Digital Routing and Mixing


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Here's what to consider in making the TDM vs. AoIP decision.

One definite advantage that AoIP systems seem to have over their TDM cousins is that it is possible to add a computer workstation to the network, and to then have access to its associated audio output and input stream(s) and control logic, for the entire network, by way of the installation of software drivers and network cable. For a TDM system, the alternative way (which is what we've been doing for years) is by installing sounds cards in computers, which can be an expensive proposition with high-end sound cards. A logic control interface from this same computer would likely be done via a serial connection, which of course represents more work and expense in the installation phase. More recently, some TDM manufacturers have developed IP driver interfaces, which eliminates the sound card requirement and serial control connection.

A natural extension of the AoIP network is into the STL portion of your facility. Having a WAN and/or LAN connection at the transmitter site means that devices on that end can become nodes in the system. In practice though, sharing a LAN for STL purposes means either using QoS (and all interim devices must support that along the route) or maintaining a totally separate LAN just for STL purposes.

The final decision

As I mentioned earlier, a TDM-based digital router is really an evolution from the analog router type that many of us grew accustomed to over the years, and as such, it is familiar, tried-and-true technology. If you intend to go with an AoIP system, you'll not only need to learn the details of the new system itself, but you'll also have to become much more familiar with networking in general. In this day and age that is certainly a good thing to do. If you don't already have a good handle on networking, ask yourself if you want to learn that at the same time as an entirely new console type and system type. If networking is just one of your IT skills though, then likely an AoIP system will be something to seriously consider. Finally choosing the type of system might boil down to your design philosophy: Whether you want to centralize the intelligence of the system in your MCR (as with TDM) or whether you want to distribute the intelligence of the system (as with AoIP).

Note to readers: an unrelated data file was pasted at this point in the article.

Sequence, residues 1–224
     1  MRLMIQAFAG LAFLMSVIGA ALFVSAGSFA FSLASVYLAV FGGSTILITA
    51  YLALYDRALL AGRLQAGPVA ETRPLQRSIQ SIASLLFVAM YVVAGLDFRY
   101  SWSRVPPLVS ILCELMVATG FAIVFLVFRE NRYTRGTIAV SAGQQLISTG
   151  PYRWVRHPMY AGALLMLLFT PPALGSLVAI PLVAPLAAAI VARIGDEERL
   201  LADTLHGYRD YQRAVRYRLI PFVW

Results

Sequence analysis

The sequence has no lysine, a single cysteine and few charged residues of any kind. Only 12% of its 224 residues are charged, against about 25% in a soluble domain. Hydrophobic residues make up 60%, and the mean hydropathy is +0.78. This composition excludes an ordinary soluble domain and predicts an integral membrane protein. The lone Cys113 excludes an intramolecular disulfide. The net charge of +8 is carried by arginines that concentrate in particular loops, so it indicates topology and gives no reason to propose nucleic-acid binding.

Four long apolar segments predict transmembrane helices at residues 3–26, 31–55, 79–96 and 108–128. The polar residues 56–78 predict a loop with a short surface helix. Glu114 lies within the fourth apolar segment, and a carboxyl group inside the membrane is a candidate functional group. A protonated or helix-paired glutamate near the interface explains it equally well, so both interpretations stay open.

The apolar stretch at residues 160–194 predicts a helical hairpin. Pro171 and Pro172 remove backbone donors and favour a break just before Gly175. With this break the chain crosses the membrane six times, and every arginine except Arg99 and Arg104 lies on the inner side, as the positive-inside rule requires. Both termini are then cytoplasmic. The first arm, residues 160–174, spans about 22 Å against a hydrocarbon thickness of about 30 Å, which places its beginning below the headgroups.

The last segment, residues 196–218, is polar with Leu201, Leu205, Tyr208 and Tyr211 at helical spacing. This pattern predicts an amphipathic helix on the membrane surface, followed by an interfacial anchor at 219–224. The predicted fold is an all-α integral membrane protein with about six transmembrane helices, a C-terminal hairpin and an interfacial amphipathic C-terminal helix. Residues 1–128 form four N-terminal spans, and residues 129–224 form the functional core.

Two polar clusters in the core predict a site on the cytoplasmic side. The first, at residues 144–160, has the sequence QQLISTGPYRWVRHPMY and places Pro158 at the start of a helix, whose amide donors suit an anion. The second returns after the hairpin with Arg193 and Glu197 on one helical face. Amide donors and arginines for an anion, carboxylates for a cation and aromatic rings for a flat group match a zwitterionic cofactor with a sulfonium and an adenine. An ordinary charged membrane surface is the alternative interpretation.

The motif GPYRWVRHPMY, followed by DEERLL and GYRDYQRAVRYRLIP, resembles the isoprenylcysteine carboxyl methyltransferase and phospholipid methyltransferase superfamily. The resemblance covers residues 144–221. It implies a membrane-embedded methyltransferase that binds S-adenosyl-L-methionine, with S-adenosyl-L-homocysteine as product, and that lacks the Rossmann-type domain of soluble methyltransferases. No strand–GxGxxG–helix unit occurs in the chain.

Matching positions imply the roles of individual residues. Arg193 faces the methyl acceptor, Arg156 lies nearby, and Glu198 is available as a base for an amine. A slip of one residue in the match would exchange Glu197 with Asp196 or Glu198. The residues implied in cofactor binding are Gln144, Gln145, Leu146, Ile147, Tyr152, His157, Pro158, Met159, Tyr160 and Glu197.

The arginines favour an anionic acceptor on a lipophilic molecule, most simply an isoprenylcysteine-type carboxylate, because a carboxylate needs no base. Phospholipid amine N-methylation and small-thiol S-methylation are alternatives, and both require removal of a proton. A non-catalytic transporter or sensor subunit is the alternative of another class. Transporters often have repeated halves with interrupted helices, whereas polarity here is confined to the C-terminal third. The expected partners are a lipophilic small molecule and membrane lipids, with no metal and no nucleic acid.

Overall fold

Resource Guide

AEQ
954-581-7999
www.aeqbroadcast.com

Audioarts Engineering
252-638-7000
www.wheatstone.com

Axia Audio
216-241-7225
www.axiaaudio.com

Harris
800-622-0022
www.broadcast.harris.com

Lawo
+49 7222 1002 0
www.lawo.de

Logitek
800-231-5870
www.logitekaudio.com
   .    .    Qphonics
+49 89-45672-300
www.klotzdigital.com

Radio Systems
856-467-8000
www.radiosystems.com

Sierra Automated Systems
818-840-6749
www.sasaudio.com

Studer
818-920-3212
www.studer.ch

Wheatstone
252-638-7000
www.wheatstone.com

Irwin is transmission systems supervisor for Clear Channel NYC and chief engineer of WKTU, New York. Contact him at doug@dougirwin.net.




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